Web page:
Monday, August 10, 2009

"12 rooms, 12 vacancies..."

What is it about hotels and motels that are inherently spooky?
Why do I always get a slight sense of dread when I step foot into the rented room?

Probably because I've seen freakin' movies like The Shining, 1408, Motel Hell, and the mother of all messed up motel movies: Psycho.
Every time I'm in some rinky dink mom & pop place for the night (which isn't to say it's very often, but it's always memorable) I wander into the bathroom, looking for weird flowery wallpaper and holes in the walls.

But all in all, my worst experience of this kind was a night spent in Buzzards Bay, Mass. - which seems like a lovely little town adjacent to Cape Cod.
The town itself might be nice, but the 'shall-not-be-named' piece of crap place we stayed in....not so much.
Let's just say we propped a chair against the door to hold it shut cause the lock was broke. Seriously.

Hey, at least I've never seen cockroaches anywhere. That would scare me more than anything else I think.
I'm guessing it would be easier for me to stay in a room where someone had been murdered (or tons of people a'la 1408) than in a room with creepy crawlies.

I digress.

Motel movies. Yeah, they are scary, generally. Because everyone can relate, I think.
I don't think I wrote about Vacancy.

Having just watched Vacancy 2, I feel I should touch on the first one a bit. Starring Luke Wilson and Kate Beckinsale, it had the benefit of well known stars to gain popularity.
The basic plot is simple. Husband and wife are fighting an on the road. So many movies start like this, don't they? Have the starring couple at odds when you begin so it means so much more when they're fighting for their lives.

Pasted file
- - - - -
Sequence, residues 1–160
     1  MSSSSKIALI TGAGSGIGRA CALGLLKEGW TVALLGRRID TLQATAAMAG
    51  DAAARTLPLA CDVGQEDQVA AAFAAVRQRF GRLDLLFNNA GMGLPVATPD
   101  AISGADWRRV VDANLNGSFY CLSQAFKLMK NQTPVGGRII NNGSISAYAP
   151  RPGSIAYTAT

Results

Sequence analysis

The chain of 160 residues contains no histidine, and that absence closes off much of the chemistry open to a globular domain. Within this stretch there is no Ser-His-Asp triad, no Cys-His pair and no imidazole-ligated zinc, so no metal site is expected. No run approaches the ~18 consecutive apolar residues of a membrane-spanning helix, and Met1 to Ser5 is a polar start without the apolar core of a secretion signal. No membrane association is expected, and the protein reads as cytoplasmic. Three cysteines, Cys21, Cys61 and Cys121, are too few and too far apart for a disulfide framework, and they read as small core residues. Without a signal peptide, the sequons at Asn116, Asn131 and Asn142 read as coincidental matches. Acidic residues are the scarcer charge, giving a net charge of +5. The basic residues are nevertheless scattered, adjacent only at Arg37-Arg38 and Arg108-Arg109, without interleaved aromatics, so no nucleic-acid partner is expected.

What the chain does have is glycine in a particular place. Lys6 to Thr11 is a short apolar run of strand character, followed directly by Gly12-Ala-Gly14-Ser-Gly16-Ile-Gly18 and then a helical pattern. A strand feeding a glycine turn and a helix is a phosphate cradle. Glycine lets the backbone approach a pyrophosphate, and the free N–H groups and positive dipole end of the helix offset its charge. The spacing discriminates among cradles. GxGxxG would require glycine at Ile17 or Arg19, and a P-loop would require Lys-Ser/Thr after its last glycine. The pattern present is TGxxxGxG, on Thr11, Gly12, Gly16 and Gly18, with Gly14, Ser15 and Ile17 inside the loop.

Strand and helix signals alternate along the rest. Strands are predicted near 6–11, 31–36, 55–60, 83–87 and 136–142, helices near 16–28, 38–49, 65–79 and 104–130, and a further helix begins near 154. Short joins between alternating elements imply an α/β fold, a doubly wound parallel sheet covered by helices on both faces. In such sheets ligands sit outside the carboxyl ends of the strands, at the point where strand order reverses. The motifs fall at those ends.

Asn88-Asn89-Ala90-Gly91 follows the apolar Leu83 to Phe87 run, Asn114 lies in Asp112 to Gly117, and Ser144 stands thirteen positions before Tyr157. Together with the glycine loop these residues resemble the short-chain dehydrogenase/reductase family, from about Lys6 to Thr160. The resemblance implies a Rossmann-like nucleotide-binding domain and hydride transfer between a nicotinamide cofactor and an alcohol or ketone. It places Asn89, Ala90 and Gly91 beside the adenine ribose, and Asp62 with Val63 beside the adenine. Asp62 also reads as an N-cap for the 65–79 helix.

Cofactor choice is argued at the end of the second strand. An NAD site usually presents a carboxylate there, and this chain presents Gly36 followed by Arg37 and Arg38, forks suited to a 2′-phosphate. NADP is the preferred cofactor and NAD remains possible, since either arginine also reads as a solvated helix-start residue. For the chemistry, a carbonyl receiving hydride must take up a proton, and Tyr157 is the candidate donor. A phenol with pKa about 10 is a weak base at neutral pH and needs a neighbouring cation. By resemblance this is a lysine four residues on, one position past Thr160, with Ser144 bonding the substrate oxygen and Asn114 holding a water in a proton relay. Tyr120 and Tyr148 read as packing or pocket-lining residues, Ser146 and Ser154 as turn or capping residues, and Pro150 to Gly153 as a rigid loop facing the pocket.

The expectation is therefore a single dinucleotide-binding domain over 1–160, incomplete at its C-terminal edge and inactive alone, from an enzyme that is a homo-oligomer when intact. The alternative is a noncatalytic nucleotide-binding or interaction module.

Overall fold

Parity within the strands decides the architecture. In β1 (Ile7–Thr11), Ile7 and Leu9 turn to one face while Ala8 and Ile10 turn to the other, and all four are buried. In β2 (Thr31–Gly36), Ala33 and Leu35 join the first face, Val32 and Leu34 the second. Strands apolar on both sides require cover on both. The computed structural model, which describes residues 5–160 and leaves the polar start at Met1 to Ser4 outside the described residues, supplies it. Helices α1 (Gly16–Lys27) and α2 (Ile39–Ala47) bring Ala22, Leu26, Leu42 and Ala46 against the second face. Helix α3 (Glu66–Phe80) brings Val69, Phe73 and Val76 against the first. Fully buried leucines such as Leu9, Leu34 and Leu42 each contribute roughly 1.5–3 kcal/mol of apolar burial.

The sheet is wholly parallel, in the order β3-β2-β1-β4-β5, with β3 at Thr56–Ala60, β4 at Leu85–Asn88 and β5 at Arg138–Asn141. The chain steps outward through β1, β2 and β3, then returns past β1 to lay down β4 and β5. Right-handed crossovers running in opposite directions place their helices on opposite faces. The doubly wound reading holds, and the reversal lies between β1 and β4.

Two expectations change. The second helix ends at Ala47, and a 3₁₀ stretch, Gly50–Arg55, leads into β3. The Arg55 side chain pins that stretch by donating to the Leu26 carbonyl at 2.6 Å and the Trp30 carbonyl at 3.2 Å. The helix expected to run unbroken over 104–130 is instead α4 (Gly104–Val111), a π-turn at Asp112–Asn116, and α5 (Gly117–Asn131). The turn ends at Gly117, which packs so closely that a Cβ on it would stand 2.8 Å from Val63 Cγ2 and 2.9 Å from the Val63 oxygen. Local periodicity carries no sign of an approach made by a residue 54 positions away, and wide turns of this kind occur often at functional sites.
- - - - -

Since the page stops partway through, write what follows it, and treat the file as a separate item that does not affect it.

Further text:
So then we have the popular "car breaks down on a lonely highway" plot device. Used and abused, but always effective to set the stage. David and Amy (Wilson/Beckinsale) come upon the somewhat run-down motel and book a room for the night, only to discover that the tv isn't showing HBO... it's showing the murders of previous motel guests. And the crimes are taking place in the exact room they're in. Ta-dah!
Frank Whaley is really good as the hotel manager. Not exactly Norman Bates, but maybe the next best thing (or worst, for the guests).

Vacancy is a taut, quick-paced thriller - somewhat predictable yet still effective. If you've never seen it, I would watch it before seeing it's sequel.

That said, Vacancy 2: The First Cut could actually stand alone, as it is really a prequel, not a follow-up.

It supposedly shows how the whole thing got set up.
After showing the very first murder at the motel (which surprises the two entrepreneuring motel employees who have already set up cameras to catch unsuspecting guests in flagrante delicto to sell as porn movies). The murderer makes a deal with the other two and soon they are basically producing snuff films.

On to the meat of the story.
Jessica (Agnes Bruckner) and Caleb (Trevor Wright) are newly engaged and traveling from Chicago to rural North Carolina to start a new life. They've brought Caleb's friend Tanner (Arjay Smith) along for the ride, which is rather confusing. Not sure what he's there for if not to provide comic relief and another DB.
It doesn't take them long to find out they are being taped, and things just pretty much go downhill from there.
But whereas in the first Vacancy the whole movie revolves around the one couple, Vacancy 2 goes beyond that to show the murdering three men much more - and the problems they have within their own ranks. It also goes outside the motel (again unlike the original) and takes the hunted beyond the motel room and into the woods and a neighboring house to keep the action going.

While neither movie wound win any awards of course, they both have their good points and faults. And though neither movie ever scared me (and Vacancy 2 blatantly ripped the killer's look off directly from The Strangers and/or Friday the 13th part 2....), they both kept me fairly entertained, with the first Vacancy doing a bit better job of it.

Still doesn't make me want to stay in some piece of crap dump. Ever.

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